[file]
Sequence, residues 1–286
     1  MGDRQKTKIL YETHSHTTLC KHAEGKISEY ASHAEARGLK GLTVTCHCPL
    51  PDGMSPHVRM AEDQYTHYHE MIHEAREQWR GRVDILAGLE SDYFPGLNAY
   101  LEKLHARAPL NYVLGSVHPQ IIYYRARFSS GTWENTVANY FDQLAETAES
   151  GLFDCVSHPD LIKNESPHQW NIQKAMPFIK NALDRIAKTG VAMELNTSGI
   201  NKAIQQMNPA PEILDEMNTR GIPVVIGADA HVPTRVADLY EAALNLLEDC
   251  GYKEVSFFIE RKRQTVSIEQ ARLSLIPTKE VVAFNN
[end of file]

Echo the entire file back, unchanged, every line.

Sequence, residues 1–286
     1  MGDRQKTKIL YETHSHTTLC KHAEGKISEY ASHAEARGLK GLTVTCHCPL
    51  PDGMSPHVRM AEDQYTHYHE MIHEAREQWR GRVDILAGLE SDYFPGLNAY
   101  LEKLHARAPL NYVLGSVHPQ IIYYRARFSS GTWENTVANY FDQLAETAES
   151  GLFDCVSHPD LIKNESPHQW NIQKAMPFIK NALDRIAKTG VAMELNTSGI
   201  NKAIQQMNPA PEILDEMNTR GIPVVIGADA HVPTRVADLY EAALNLLEDC
   251  GYKEVSFFIE RKRQTVSIEQ ARLSLIPTKE VVAFNN